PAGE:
• IVIVC can be used in the development of new pharmaceuticals to reduce
the number of human studies during the formulation development.
• In recent years, the concept and application of the in vitro-in vivo
correlation (IVIVC) for pharmaceutical dosage forms have been a main
focus of attention of pharmaceutical industry, academia, and regulatory
• IVIVC could also be employed to establish dissolution specification and to
support and/or validate the use of dissolution methods.
• Acc. to FDA:
It is defined as a predictive mathematical model describing
the relationship between an in-vitro property(rate or extent of drug
dissolution or release) of a dosage form and an in vivo response(plasma
drug concentration or amount of drug absorbed.)
• Acc. To USP:
The establishment of the relationship b/w a biological
property, or a parameter derived form a biological property produced
from a dosage form, and a physicochemical property of same dosage
• Level A correlation: Highest category of correlation and represent a point
to point relationship b/w in-vitro dissolution rate and in-vivo input rate of
the drug from the dosage form. Percent of drug absorbed may be
calculated by means of model dependent technique such as Wagner-
Nelson Procedure or Loo-Riegelman method or by Model independent
• Level B correlation: In this level of correlation, the mean in-
vitro dissolution time(MDT vitro) of the product is compare to
either mean in vivo residence time MRT or in vivo dissolution
time (MDT vivo). It uses all of the in vivo or in vitro data and
not to be considered a point to point correlation.
• Level C Correlation: In this level one dissolution time point ( t50% , t90%, etc) is
compare to one mean pharmacokinetic parameter such as AUC, tmax or cmax. It is
weakest level of correlation as partial relationship b/w absorption and
dissolution is established and represents a single point correlation and
doesn’t reflect the entire shape of plasma drug conc. curve.
• Multiple Level Correlation: It relates one or several pharmacokinetic
parameters of interest (cmax, AUC or any other suitable parameters) to the
amount of drug dissolved at several time points of the dissolution profile.
It should be based on at least three dissolution time points covering the
early, middle, and late stage of the dissolution profile.
• Level D Correlation: It is rank order and qualitative analysis and is not
considered useful for regulatory purposes. It is not formal correlation but
serve as an aid in the development of a formulation or processing
THE CORRELATION BETWEEN IN VITRO DRUG DISSOLUTION AND
IN VIVO DRUG ABSORPTION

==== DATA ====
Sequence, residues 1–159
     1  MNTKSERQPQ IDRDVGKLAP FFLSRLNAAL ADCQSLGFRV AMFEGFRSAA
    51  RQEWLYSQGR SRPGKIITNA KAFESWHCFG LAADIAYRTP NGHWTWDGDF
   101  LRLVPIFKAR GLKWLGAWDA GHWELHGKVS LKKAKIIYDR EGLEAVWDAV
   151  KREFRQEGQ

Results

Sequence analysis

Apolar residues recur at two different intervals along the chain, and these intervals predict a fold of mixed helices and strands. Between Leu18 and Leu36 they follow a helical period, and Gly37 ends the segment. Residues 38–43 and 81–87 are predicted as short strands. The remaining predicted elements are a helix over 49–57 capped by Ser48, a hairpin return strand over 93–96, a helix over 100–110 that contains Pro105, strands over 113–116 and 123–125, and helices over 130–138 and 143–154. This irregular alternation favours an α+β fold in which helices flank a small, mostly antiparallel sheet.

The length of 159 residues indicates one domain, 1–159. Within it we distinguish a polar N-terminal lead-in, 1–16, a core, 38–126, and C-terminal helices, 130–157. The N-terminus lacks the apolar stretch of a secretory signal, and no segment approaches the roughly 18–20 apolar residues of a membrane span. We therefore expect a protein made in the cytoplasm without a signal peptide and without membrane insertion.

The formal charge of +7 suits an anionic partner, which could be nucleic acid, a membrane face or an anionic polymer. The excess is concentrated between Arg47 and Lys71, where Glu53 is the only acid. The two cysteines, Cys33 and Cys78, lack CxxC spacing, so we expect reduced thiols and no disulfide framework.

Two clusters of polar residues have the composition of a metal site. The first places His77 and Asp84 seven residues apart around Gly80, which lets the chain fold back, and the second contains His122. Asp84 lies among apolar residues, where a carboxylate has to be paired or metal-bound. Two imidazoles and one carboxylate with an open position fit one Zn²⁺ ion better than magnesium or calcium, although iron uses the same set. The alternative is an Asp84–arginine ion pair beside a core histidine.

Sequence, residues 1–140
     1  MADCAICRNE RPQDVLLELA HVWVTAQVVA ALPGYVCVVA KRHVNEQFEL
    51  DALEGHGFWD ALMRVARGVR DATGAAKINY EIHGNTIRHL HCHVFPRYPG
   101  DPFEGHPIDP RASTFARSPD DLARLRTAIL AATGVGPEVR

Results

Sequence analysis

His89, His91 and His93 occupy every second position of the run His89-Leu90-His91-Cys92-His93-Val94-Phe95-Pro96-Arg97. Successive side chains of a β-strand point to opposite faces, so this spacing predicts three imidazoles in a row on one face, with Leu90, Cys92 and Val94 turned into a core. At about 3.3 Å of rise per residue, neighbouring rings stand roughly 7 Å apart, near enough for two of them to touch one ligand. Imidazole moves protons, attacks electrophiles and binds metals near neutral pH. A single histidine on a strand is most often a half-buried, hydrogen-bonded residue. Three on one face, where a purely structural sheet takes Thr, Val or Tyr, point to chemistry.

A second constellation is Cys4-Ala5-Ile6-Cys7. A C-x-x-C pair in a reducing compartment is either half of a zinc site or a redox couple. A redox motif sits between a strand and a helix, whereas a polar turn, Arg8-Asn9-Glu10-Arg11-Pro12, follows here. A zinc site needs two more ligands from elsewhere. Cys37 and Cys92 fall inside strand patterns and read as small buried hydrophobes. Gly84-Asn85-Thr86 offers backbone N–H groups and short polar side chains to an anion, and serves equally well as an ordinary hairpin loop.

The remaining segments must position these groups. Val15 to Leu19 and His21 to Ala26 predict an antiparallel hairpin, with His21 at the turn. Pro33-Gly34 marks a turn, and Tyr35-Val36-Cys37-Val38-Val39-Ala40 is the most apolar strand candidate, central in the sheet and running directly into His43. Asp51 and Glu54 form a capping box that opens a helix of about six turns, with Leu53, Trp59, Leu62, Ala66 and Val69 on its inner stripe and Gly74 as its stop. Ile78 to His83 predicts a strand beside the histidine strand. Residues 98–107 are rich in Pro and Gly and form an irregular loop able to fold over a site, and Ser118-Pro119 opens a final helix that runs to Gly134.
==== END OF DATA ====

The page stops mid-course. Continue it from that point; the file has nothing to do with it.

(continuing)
Biopharmaceutics Classification System (BCS)
• The (BCS) has been developed to provide a scientific approach to allow for
the prediction of in vivo pharmacokinetics of oral immediate release (IR)
drug products by classifying drug compounds based on their solubility
related to dose and intestinal permeability in combination with the
dissolution properties of the dosage form.
According to the BCS, drug substances are classified as
• Class I - High Permeability, High Solubility
• Class II - High Permeability, Low Solubility
• Class III - Low Permeability, High Solubility
• Class IV - Low Permeability, Low Solubility
• The BCS is a scientific framework for classifying drug substances based on
their aqueous solubility and intestinal permeability. When combined with
the dissolution of the drug product, the BCS takes into account three
major factors that govern the rate and extent of drug absorption from IR
solid oral dosage forms: dissolution, solubility, and intestinal permeability.
• A drug substance is considered HIGHLY SOLUBLE when the highest dose
strength is soluble in < 250 ml water over a pH range of 1 to 7.5.
• A drug substance is considered HIGHLY PERMEABLE when the extent of
absorption in humans is determined to be > 90% of an administered dose,
based on mass-balance or in comparison to an intravenous reference
• A drug product is considered to be RAPIDLY DISSOLVING when > 85% of
the labeled amount of drug substance dissolves within 30 minutes using
USP apparatus I or II in a volume of < 900 ml buffer solutions.
The benefits of knowing the BCS category of a compound
• It can save both time and money—if the immediate -release, orally
administered drug meets specific criteria, the FDA will grant a waiver for
expensive and time-consuming bio-equivalence studies.
• The aim of the BCS is to provide a regulatory tool for the replacement of
certain BE studies by conducting accurate in vitro dissolution tests.
• Combined with the dissolution, the BCS takes into account the three
major factors governing bioavailability viz. dissolution, solubility and
Key Parameters Controlling Drug Absorption
• Absorption number (An) :-
defined as the ratio of the mean residence time to
mean absorption time.
Radius of GI
Residence time in GI
Time required for complete absorption
Key Parameters Controlling Drug Absorption (contd.)
• Dissolution number (Dn) :-
defined as the ratio of mean residence time to
mean dissolution time.
Residence time in GI
Time required forcomplete dissolution
Key Parameters Controlling Drug Absorption (contd.)
• Dose number (D0) :-
defined as the mass (Dose) divided by the product
of (uptake volume (250 ml) and solubility of drug).
Highest Dose Unit 250 mL
• Class I drugs exhibit a high absorption number and a high
dissolution number. The rate limiting step is drug dissolution.
• If dissolution is very rapid, then gastric emptying rate becomes the
rate determining step.
• e.g. Metoprolol, Diltiazem, Verapamil, Propranolol.
• Class II drugs have a high absorption number but a low dissolution
number. In vivo drug dissolution is then a rate limiting step for
absorption except at a very high dose number. The absorption for
class II drugs is usually slower than class I and occurs over a longer
period of time.
• In vitro- In vivo correlation (IVIVC) is usually excepted for class I and
class II drugs.
• e.g. Phenytoin, Danazol, Ketoconazole, Mefenamic acid,
• For Class III drugs, permeability is rate limiting step for drug
absorption. These drugs exhibit a high variation in the rate and
extent of drug absorption.
• Since the dissolution is rapid, the variation is attributable to
alteration of physiology and membrane permeability rather than the
dosage form factors.
• e.g. Cimetidine, Acyclovir, Neomycin B, Captopril.
• Class IV drugs exhibit a lot of problems for effective oral administration.
Fortunately, extreme examples of class IV compounds are the exception
rather than the rule and are rarely developed and reach the market.
Nevertheless a number of class IV drugs do exist. e.g. Taxol.
Applications of BCS in oral drug delivery technology
• Once the solubility and permeability characteristics of the drug are known
it becomes an easy task for the research scientist to decide upon which
drug delivery technology to follow or develop.
CLASS I DRUGS
• The major challenge in development of drug delivery system for class I
drugs is to achieve a target release profile associated with a particular